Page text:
Prospector Unearths Huge 'Duck’s Foot' Nugget
October 2018 by Scott Harn
A retired gold prospector spent hours digging up his fortune in the northern goldfields near Kambalda, Western Australia, after finding the target with his metal detector.
The prospector, who wishes to remain anonymous, was not far from the site of the rich gold discovery made by Royal Nickel Corp. that we reported earlier in this issue.
The nugget is being called the “Duck’s Foot” due to its unique shape. It’s nearly 104 troy ounces, and testing indicated it contained 68 troy ounces of gold.
“When I had finished digging it out, I just thought ‘Oh my God,’” he said.
“There’s an amazing feeling of joy when you find a gold nugget, even a small one, so when I uncovered this one it was really a special moment. I have been going to the same spot for years but with a better detector, better technology, I keep finding gold in patches I’ve been over many times. I can’t believe the amount I’ve left behind,” he said.
The prospector said he camps out for weeks or sometimes months at a time. Prior to the “Duck’s Foot” nugget, he already found a smaller nugget that was large enough to pay for the entire expedition, and he recovered six nuggets on this trip.
“That meant the pressure was off and I could relax a bit,” he told The Sydney Morning Herald. “I started looking for deep signals in ground I’d gone over before,” he added.
The prospector said the “Duck’s Foot” nugget was down deep—about 31 inches below the surface—and in clay soil. It took him two hours digging carefully to recover it.
He took the nugget with him to visit his friend Rob Anderson, who operates the Prospectors Pick in Banbury, Western Australia, and allowed Anderson to photograph the nugget.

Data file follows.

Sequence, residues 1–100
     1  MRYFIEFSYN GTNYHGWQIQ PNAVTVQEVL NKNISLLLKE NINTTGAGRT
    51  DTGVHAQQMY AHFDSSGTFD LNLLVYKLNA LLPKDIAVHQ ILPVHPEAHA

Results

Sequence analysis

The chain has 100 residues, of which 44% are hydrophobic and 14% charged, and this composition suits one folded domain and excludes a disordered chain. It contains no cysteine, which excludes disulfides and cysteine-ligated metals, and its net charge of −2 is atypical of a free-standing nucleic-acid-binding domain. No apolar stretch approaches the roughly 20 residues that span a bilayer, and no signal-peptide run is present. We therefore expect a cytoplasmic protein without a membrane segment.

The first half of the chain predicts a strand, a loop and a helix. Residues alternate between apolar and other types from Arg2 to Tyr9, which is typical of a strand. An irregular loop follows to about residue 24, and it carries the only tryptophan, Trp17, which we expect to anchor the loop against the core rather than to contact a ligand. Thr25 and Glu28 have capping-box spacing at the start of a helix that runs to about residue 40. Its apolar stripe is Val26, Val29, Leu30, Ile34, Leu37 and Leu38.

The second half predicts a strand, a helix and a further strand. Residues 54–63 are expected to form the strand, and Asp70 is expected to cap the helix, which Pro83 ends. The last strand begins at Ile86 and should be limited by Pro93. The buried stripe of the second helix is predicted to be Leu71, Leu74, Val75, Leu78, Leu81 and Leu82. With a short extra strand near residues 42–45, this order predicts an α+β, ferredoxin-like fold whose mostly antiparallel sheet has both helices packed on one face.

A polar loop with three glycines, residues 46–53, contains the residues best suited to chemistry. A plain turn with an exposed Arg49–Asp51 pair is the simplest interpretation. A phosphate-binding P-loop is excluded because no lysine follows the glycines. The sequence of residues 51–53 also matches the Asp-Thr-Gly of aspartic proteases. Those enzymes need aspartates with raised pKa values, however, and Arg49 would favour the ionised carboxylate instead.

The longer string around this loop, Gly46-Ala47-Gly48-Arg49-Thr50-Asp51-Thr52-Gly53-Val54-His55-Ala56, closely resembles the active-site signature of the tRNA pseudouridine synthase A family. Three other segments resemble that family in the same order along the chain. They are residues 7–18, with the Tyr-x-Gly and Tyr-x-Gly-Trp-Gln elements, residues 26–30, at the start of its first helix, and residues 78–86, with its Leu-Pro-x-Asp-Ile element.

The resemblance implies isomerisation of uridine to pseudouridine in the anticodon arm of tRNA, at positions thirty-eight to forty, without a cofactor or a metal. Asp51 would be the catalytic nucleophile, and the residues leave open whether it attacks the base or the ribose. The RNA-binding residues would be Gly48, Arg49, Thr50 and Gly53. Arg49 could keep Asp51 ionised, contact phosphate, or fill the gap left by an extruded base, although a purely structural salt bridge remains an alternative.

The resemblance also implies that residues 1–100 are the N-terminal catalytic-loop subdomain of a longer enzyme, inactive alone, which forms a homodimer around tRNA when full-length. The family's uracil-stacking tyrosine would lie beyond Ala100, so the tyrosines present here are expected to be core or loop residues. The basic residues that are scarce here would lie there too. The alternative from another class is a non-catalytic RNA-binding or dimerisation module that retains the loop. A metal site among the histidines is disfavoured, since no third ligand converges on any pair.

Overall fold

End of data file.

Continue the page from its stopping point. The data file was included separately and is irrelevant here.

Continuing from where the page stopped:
Anderson said he’s known the prospector for a long time. “I think it’s fair to say he’s been very successful over the years,” said Anderson.
The gold bullion value is about $82,000 at current prices, but the prospector will likely get considerably more due to the rarity of large nuggets.
For years, ICMJ writers, many of whom are expert prospectors, have suggested to our readers that persistence, patience and in this case some newer technology, has its rewards.
Consider revisiting older patches with more than one type of detector, and take time to dig out signals that sound like deep targets. They may be trash, but then again, they may be a giant nugget shaped like a duck’s foot.
What are the tell signs of garnet deposits?
Getting started in prospecting often requires the purchase of some equipment, but one can spend as little as $10 and be finding gold or spend thousands and also be finding gold—yet you will probably have many more opportunities and possibilities with more and better equipment.
I love to see old-timer workings while I am out detecting for gold. For one thing, it assures me that gold came from there. Second, it tells me gold should almost certainly still be there.
On our last trip, we brought ropes and went down the first waterfall forty vertical feet, only to be confronted by a second, sixty-foot-high, overhanging waterfall that emptied into a slot canyon.
My largest nugget from this area is almost one-half ounce. I’ve found several smaller chunks and many pickers in addition to the fines and flakes that I put in my poke.
I probably swung over a few targets without noticing them. My first target came about ten minutes later as I went over a part of the high bench in this wide section of the dry wash.
Some will doubt its value given the ultra-fine particle size… Some will become encouraged about not having to incur significant time and expense to break rock.
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